Ryal drops Lonely Love single
On March 13, female pop artist Jacque Ryal debuted a new single, ‘Lonely Love.’ The fierce single is a follow-up to her well-received single ‘City Lives,’ which was released last year. First, though, let’s learn a bit about Ryal in order to give some context to her new song.
Ryal describes herself as being an artist who is “unafraid to evolve creatively and committed to her expanding musical sensibilities.” Her song ‘City Lives’ received significant attention with some critics drawing comparisons to the Pretenders, Blondie, and “everything disco.” I’d be hesitant to agree with this comparison, however, because the Pretenders and Blondie were new wave punk acts. They didn’t align with disco at all. In any case, both acts do boast powerful frontwomen which may be the reason for comparing them to Ryal.
Before delving straight into ‘Lonely Love,’ to be released on March 30, it made sense to check out ‘City Lives’ since they’re so directly correlated. ‘City Lives’ was quite the production – fully equip with a fairly impressive independently filmed music video. Typically, well-written lyrics are often lost on disco-style music. ‘City Lives’ has strong lyrics and it’s a remarkably catchy song.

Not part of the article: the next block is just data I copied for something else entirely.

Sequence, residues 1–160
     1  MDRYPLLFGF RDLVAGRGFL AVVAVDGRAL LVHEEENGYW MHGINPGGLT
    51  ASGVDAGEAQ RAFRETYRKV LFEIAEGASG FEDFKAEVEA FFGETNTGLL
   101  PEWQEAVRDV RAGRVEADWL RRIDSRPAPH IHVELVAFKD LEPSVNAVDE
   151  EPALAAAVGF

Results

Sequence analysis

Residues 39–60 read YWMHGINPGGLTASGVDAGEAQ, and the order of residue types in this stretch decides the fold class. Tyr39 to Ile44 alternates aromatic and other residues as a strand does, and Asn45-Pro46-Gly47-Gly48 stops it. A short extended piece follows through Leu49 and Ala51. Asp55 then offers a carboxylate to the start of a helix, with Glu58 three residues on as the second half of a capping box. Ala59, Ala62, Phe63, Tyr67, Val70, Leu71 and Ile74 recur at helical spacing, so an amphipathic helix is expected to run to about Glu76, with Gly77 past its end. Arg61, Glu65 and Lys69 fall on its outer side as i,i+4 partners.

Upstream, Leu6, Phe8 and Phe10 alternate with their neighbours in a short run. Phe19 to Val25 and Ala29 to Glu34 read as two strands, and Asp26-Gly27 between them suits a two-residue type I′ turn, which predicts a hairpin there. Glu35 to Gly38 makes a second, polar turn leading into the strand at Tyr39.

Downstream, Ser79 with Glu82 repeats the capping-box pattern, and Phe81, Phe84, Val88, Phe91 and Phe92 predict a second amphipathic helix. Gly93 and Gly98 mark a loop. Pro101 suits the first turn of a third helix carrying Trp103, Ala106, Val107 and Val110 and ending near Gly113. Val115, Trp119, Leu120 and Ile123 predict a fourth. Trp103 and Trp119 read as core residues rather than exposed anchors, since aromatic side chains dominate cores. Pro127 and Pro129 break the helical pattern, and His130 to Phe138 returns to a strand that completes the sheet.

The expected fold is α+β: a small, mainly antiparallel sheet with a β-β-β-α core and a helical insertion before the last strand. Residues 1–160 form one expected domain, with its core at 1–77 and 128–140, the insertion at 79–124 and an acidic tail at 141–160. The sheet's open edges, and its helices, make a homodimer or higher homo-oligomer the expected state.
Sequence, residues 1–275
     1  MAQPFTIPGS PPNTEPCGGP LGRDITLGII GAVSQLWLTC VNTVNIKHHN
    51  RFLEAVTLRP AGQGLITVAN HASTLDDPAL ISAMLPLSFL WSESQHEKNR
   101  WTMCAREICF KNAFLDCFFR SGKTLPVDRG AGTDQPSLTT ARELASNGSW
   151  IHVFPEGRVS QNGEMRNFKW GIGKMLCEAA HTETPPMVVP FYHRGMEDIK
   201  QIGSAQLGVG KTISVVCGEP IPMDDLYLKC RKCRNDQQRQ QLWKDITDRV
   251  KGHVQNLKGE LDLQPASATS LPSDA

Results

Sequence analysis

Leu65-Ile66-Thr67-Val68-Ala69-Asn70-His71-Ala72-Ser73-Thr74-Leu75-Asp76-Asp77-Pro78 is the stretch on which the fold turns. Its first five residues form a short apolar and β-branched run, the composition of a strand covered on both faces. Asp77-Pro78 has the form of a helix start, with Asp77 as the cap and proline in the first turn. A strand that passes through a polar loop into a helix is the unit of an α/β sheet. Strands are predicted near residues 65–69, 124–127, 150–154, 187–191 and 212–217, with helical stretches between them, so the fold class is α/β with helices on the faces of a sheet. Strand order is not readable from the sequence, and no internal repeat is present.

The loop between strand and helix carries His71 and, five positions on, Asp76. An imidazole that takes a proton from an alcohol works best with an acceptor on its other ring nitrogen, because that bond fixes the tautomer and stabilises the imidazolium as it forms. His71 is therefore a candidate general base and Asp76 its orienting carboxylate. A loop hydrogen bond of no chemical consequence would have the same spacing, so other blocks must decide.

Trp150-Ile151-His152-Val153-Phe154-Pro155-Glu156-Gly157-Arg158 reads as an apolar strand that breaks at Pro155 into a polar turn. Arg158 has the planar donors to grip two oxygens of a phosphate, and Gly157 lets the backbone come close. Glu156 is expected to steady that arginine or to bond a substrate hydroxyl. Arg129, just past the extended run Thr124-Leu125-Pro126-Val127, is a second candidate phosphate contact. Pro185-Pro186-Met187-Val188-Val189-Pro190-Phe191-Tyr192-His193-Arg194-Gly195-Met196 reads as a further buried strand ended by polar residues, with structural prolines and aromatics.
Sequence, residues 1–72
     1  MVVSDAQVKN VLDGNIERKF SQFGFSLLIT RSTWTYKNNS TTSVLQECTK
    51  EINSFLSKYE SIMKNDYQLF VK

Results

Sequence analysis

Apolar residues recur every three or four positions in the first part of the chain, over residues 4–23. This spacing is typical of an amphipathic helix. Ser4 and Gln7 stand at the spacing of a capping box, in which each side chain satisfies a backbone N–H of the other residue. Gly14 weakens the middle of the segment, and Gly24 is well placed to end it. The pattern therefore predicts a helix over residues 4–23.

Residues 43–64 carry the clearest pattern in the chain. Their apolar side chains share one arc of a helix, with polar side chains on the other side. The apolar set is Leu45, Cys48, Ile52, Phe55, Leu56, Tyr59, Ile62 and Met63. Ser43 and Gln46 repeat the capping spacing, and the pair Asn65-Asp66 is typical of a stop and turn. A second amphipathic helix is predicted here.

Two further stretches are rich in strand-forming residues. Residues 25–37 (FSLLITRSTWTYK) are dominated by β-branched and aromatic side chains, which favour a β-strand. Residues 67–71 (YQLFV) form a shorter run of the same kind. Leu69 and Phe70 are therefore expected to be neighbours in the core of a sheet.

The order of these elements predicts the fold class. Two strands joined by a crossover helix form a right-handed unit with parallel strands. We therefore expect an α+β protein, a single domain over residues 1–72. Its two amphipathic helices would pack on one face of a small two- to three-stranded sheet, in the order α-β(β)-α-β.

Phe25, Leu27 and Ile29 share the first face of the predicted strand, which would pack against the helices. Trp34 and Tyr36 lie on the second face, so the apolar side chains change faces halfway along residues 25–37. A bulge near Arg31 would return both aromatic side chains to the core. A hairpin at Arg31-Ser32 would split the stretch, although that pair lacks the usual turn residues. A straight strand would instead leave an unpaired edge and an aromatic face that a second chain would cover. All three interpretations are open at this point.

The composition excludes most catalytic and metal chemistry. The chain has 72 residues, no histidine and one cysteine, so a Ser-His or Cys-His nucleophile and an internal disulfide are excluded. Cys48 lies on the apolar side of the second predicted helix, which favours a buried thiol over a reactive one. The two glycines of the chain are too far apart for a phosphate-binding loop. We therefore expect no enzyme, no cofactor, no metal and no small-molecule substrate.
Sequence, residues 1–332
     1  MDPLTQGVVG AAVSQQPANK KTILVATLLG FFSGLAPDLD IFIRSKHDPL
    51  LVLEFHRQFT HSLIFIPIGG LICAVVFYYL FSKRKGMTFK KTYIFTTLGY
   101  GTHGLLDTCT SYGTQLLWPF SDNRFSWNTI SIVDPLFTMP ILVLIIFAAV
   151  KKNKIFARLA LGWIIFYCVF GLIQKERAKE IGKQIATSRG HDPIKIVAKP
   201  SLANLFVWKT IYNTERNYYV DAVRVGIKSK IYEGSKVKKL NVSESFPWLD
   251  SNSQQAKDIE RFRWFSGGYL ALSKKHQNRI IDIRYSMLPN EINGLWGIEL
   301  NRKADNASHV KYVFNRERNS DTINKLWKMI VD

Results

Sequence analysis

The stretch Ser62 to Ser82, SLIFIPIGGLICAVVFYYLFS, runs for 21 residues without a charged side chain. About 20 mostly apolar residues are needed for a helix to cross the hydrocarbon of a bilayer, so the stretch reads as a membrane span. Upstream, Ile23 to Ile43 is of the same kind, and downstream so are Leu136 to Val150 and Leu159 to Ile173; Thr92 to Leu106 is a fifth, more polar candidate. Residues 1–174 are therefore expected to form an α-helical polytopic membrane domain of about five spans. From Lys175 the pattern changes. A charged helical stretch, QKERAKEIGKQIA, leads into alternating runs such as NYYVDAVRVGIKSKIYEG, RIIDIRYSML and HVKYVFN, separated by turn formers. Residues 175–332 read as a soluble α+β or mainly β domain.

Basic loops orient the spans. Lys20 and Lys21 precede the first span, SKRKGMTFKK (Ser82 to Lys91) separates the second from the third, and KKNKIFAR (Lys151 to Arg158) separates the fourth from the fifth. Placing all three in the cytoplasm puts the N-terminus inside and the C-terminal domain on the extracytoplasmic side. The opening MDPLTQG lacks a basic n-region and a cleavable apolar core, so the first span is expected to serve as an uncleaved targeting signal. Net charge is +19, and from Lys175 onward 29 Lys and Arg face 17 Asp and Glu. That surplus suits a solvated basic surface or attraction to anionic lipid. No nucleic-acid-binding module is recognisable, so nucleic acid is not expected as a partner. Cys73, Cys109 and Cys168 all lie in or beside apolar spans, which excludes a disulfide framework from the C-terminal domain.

‘Lonely Love’ feels more subsided and timid that ‘City Lives.’ The production is more simplistic, dancing about with lightly thudding percussion, cascading synthesizers, and reverberating vocals. The song may not be as memorable as its predecessor, likely due to ‘Lonely Love’ feeling somewhat void of creative expression. The song sounds like a stereotypical disco-pop record, pulling out the stops on every cliché method of production.
When a contemporary artist decides to tackle the retro-disco sound that Ryal is endeavoring to, they have to add some flare into the mix. Most recently, the Black Keys went down a very similar road with 2014’s ‘Turn Blue.’ The album was essentially a garage rocker tangled up with disco production. It worked, though, because the Black Keys took chances and mixed the two radically different styles together. ‘Turn Blue’ brandished an aura of experimental rock that made retro-disco interesting again.
When you bog yourself down with a disco production that doesn’t adventure into any new territory, you just end up sounding like an echo of the past. You don’t remind audiences that you’re a new, vivacious artist, but rather, that they haven’t seen ‘Saturday Night Fever’ in a while. That’s what ‘Lonely Love’ does. It’s well done, well recorded, and Ryal performs powerfully. With that said, Ryal can’t just feed off of nostalgia. There has to be something new and creative in her sound, and as of now, she’s lacking it.